The final chapter in this story.

Jen Trevodur

Hitting the books on a Friday night. Again. I need a boy friend.

Well, I can't help it. I'm like Maggy and Dad. Workaholic. Least, that's what I heard Dad was. All I had of him was his dog-tags and a picture of him from his time in the Marines. Said picture was on my desk. I always found it easier to study and work with it facing me. I guess it's the parental love of making sure you worked. Most people think Dad's eyes are cold and heartless. I know better. I can see, far behind those walls of focus and cold calculation was a lot of hurt.

"Hope you're proud, Pops," I muttered, "21 and still a virgin."

I heard a knock on the door. My roommate coming back from a hot date. I just hoped she wasn't with a hot date. She always forgets her key, "It's open!"

I heard the door open and a stranger, female, young, around early twenties call, " Jennifer Jon Trevodur?"

Not my roommate. I turned around and saw a young women in Army ROTC Dress Blues standing at the doorway. The standard-issue name tag read Booth. The unit patch identified her from Washington State, "You're a long way from home, Boot," I said, using the Marine slang term for "recruit".

"Hi, umm, my name is Cadet Captain Christie Booth, Washington State University Army ROTC," she held her hand out to shake.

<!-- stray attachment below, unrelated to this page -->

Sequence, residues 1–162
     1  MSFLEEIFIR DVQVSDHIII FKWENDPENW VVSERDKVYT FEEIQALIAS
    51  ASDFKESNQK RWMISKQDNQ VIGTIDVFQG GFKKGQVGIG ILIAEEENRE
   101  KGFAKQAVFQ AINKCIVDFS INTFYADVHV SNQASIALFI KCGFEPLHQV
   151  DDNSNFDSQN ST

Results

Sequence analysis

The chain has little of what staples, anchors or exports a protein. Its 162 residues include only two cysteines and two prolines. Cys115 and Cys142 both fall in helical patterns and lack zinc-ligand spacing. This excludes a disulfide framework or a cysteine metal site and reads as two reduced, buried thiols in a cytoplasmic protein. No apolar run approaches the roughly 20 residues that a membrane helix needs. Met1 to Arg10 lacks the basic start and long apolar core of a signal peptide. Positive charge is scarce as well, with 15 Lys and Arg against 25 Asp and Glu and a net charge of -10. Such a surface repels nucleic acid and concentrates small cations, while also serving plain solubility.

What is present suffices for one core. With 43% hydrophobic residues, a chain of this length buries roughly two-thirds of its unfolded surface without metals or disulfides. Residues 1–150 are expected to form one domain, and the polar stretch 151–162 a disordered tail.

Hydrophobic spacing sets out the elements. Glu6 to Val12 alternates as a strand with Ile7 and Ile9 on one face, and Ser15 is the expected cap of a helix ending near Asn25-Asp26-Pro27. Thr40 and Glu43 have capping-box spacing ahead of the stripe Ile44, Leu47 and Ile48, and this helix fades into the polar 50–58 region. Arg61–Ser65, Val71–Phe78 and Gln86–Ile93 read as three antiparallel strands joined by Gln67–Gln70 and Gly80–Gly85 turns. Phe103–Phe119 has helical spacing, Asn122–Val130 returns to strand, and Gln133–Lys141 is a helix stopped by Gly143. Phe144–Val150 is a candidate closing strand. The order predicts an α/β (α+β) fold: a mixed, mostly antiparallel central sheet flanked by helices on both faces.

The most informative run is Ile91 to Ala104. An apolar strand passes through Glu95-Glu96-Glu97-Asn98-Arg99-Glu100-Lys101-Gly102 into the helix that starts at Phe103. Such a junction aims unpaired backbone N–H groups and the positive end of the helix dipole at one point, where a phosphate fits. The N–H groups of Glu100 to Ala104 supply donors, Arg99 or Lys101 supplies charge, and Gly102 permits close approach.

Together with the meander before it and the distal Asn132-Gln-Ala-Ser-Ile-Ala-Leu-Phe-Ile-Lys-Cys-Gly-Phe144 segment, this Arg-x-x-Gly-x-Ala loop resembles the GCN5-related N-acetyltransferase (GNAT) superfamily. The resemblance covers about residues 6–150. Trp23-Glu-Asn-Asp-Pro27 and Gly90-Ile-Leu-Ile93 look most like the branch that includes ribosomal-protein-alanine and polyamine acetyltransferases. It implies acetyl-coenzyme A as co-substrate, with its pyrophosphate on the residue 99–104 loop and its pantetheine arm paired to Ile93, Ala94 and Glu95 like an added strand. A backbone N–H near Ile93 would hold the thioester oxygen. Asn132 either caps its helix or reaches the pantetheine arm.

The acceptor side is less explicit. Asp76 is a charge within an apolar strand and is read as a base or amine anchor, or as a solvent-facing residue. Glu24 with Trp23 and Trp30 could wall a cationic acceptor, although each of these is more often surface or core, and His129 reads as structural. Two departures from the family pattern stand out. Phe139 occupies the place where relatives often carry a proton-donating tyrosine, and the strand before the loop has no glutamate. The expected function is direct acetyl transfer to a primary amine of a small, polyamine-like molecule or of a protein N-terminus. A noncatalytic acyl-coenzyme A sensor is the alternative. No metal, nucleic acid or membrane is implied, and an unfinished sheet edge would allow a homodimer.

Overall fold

I politely did, "I can tell," I gestured to her unit patch and ranks on her collar, "What do you want?"

"Well, I am visiting my future fiancé, but not why I am here here," she said.

"Then why? I got to study," if I failed the MCAT, Harvard Med Degree goes out the window.

"I think there is some one you should meet," she gestured at the still open door. I saw some one step out of the shadows. He had managed to blend in perfectly with them, becoming invisible.

"Hi, Jenny," the man said, "You look so much like your mother."

No... he can't be...

"Dad?"

Christie

The chopper suddenly banked right. So, antiaircraft fire had already begun, huh? According to Intel, it wasn't supposed to start for another 300 klicks.

9 times out of ten, Intel ain't worth the paper it's printed on.

The lessons came back, clear as day. The long hours under the hot sun. Slowly and painfully learning to fight with my hands, feet, guns, sticks, knives, forks, rusty spoons. Learning to become a ghost, able to sneak into a concentration camp and get out without them even knowing you're there. Emptying your mind of emotions and thoughts such as the value of human life. There was a time and place for such thoughts.

The battlefield wasn't it.

Shit will always hit the fan. Those who don't die in the mud are quick enough to get out of the way.

And I would have to be the quickest and smartest of them all. I would have to react the fastest and command others in the right course of action.

I was a Second Lieutenant of the United States Rangers. I was trained personally by the greatest light infantry man alive.

Sergeant Major Jon Trevodur had returned from the grave to teach me.

When you have a underling more experienced than you, let them do their job without interference. You will only get people killed.

You will be Butterbars after today. Shit-brained officers, but officers none-the-less. Screw up, and the nutcracker comes down.